We think of weather as unpredictable, but the forecast we check is by the hour and it rarely seems to be far wrong. Perhaps it’s a matter of probability that when changeable weather threatens by making a different forecast every hour reality cannot be far away. Today the forecast for most hours was illustrated by a symbol of a sun with a little white cloud beneath it.
Only the size of the cloud varied throughout the day, and since we were connected to electricity and had a water supply, that could mean only one thing.
Everything that has ever been even close to dirty had a turn of being pummelled to death in the machine, before being sent outside to play in the sunshine. As fast as things could dry or every twenty-nine minutes whichever happened sooner, they were replaced by things emerging fresh from the washing machine.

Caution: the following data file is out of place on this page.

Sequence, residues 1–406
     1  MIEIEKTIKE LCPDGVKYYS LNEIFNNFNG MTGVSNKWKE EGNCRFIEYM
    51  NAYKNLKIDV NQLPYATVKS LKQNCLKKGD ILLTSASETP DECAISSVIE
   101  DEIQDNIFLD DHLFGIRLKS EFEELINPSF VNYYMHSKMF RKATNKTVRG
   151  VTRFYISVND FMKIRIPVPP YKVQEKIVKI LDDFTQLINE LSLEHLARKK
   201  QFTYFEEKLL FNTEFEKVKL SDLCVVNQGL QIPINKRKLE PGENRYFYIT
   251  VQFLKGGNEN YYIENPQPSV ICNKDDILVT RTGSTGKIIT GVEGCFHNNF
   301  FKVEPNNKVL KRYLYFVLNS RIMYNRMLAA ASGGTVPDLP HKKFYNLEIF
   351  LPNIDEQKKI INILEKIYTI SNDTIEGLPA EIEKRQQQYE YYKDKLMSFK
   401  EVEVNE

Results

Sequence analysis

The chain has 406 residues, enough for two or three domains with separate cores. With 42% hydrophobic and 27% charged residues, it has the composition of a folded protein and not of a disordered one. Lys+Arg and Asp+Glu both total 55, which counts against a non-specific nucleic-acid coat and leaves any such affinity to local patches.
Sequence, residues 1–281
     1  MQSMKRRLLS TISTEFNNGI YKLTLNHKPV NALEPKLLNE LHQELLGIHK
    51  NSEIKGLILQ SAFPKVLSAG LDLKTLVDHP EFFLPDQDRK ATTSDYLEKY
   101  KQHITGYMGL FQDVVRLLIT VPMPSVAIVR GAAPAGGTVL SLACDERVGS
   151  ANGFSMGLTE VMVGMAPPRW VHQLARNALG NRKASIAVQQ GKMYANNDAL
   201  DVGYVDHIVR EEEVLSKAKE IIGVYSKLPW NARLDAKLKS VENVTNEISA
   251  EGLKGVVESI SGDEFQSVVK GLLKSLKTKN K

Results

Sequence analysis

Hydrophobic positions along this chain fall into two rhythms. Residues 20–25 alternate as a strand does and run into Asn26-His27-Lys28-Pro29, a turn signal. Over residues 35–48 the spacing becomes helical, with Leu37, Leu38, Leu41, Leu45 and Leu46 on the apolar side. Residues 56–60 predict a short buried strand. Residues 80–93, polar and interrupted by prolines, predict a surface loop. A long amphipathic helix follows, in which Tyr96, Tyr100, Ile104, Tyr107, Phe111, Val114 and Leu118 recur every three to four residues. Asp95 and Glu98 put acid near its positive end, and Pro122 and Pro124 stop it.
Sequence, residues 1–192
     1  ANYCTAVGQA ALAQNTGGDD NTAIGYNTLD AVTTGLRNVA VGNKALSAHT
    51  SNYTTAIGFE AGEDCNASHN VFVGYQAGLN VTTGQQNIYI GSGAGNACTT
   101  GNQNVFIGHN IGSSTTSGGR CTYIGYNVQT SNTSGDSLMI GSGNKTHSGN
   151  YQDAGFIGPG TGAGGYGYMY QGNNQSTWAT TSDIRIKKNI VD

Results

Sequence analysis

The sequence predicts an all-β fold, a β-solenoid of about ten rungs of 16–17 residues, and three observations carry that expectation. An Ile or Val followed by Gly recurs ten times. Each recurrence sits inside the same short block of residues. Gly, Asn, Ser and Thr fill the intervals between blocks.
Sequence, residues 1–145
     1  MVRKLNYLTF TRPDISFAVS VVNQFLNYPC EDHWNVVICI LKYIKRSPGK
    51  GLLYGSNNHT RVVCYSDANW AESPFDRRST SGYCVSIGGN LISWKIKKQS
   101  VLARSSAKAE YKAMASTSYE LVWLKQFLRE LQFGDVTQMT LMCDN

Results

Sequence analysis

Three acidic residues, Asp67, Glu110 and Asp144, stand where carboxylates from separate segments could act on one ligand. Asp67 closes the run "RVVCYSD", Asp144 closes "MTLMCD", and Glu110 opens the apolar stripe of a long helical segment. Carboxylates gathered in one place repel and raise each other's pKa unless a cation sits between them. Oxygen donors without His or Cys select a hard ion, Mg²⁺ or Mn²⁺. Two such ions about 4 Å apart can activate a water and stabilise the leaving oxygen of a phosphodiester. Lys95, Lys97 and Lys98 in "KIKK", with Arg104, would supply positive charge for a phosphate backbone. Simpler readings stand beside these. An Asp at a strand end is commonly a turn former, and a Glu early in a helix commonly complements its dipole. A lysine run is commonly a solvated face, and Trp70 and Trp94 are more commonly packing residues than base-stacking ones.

The boat was turned upside down looking for stuff that may have escaped. Production barely stopped for long enough to eat, let alone to replenish our supplies.
By the time the white clouds turned to grey and the sun had disappeared, so had the pile of laundry, and pretty much any other sign that anyone else had ever been aboard.
Suddenly we felt quite alone.